One of the first things that needs attention when a newly rescued llama arrives in the Sanctuary, is toenail trimming. Many llamas are acquired as guard animals and left to roam out in the pasture with sheep or goats and since they receive very little attention, they are not fond of being handled. This might be an understatement.
Llamas are generally, not your touchy-feely kind of pet. They like their independence and they don’t want to be poked and prodded by humans, but soft pasture is not their natural habitat and so they do need attention from time to time. Most notably, toenails must be trimmed on a regular basis. Some toenails grow rapidly and require trimming every six weeks or so, while others are very slow growing and once a year may be sufficient.
Since the main group of females at The Llama Sanctuary have access to long sandy trails through the forest, they tend to keep their nails in good condition. However, during the winter there is nothing for them to walk on except snow and straw. Those with fast growing toenails need regular checkups. In wet conditions, the excess toenail may sometimes break off naturally, but it’s definitely not good practice to let them get that long.
If left to grow unchecked on soft ground, some nails will grow into long corkscrews, eventually crippling the poor creature; forcing the foot to turn over.
Most keepers that we’ve spoken to feel the same way about toenail trimming – “oh no, not toenail time again!”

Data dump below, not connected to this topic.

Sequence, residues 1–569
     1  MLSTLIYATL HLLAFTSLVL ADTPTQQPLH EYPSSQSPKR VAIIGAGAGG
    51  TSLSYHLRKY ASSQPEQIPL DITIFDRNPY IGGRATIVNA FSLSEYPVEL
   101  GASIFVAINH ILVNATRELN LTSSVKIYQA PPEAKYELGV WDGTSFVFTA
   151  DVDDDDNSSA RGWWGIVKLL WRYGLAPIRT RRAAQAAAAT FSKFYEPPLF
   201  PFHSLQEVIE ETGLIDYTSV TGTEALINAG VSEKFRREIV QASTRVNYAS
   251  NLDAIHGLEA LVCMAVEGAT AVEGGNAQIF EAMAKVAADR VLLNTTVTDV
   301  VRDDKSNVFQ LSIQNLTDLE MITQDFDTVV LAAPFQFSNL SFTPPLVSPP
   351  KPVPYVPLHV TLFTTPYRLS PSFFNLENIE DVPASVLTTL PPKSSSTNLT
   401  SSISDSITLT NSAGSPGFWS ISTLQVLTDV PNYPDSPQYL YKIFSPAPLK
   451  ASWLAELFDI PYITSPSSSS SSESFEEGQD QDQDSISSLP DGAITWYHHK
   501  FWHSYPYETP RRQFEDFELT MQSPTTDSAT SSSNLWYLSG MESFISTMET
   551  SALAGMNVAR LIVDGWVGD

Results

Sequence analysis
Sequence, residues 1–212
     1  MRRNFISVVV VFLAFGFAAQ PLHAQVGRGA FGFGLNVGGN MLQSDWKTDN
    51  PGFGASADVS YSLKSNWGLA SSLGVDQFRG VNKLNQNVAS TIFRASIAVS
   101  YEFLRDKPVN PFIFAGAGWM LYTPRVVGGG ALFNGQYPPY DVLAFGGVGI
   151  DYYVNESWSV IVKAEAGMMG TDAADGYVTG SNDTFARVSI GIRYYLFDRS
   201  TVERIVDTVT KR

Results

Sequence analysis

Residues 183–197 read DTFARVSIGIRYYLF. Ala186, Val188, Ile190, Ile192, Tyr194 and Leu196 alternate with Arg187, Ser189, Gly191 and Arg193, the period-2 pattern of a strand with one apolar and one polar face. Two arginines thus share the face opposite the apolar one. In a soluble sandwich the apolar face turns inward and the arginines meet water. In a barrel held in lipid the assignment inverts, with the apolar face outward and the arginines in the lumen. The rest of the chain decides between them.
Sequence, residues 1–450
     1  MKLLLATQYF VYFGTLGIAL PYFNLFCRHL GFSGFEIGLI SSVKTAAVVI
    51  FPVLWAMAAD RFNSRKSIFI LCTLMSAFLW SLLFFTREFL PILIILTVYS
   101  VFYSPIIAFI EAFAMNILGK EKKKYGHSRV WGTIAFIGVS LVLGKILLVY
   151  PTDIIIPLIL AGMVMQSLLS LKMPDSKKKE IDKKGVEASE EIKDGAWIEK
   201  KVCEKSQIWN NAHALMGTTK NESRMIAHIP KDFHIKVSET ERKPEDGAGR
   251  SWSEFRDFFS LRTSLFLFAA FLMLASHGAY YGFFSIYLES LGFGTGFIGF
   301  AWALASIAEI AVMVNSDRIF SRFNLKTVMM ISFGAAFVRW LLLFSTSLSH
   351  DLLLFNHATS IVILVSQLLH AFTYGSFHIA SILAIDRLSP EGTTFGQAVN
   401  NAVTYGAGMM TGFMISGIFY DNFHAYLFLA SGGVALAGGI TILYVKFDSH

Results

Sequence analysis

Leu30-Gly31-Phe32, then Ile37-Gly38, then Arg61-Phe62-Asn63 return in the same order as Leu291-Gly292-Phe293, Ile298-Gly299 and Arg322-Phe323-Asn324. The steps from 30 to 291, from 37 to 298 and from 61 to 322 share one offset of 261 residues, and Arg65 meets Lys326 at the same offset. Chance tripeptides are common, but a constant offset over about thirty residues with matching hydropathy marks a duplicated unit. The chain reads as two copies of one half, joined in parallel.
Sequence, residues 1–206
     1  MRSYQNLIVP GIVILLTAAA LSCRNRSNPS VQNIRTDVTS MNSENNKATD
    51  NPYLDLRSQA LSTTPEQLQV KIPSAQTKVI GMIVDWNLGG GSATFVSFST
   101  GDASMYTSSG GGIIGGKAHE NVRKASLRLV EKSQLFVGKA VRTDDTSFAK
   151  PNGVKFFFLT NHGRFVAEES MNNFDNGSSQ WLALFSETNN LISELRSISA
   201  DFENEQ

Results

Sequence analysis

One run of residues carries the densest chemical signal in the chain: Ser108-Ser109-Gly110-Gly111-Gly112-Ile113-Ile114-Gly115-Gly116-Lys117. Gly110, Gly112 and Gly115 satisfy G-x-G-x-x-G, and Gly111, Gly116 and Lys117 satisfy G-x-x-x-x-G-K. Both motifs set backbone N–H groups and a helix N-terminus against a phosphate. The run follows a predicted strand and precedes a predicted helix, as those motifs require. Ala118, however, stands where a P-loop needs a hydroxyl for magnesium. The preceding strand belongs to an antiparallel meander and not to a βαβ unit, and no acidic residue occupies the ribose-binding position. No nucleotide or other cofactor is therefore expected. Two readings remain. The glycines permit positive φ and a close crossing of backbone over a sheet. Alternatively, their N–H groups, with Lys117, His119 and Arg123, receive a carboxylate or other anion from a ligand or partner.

How to Trim Llama (or Alpaca) Toenails
Llamas and alpacas hate having their legs and feet touched and frequently kick out when a hand is placed on the leg. Tether the head close to a fence rail or gate and have someone feed treats and talk calmly to the unhappy creature. Stand with your back to the llama, about mid way along the body and slowly slide your hand down the leg. Be prepared for the kick. Since they cannot kick forwards or directly out to the side, you should be quite safe. Do this repeatedly and eventually they will calm down and get used to it ….sort of. Now you need to hold the lower leg firmly and lift it in its natural direction. Don’t try and pull the leg out to the side or in a direction that feels alien to the animal. Let the animal adjust its balance, but try not to let them lean against you; it is most uncomfortable.
Trim the toenail so that is is flush with the foot pad. Imagine how it should wear naturally; it is supposed to touch the ground when the foot is flat down. Don’t try and take too much off, because they bleed profusely! A good pair of trimmers will cut through the toenail in a couple of snips. You can use electrical wire cutters or all purpose garden pruners, but the purpose made toenail snips make it easier on you and the llama.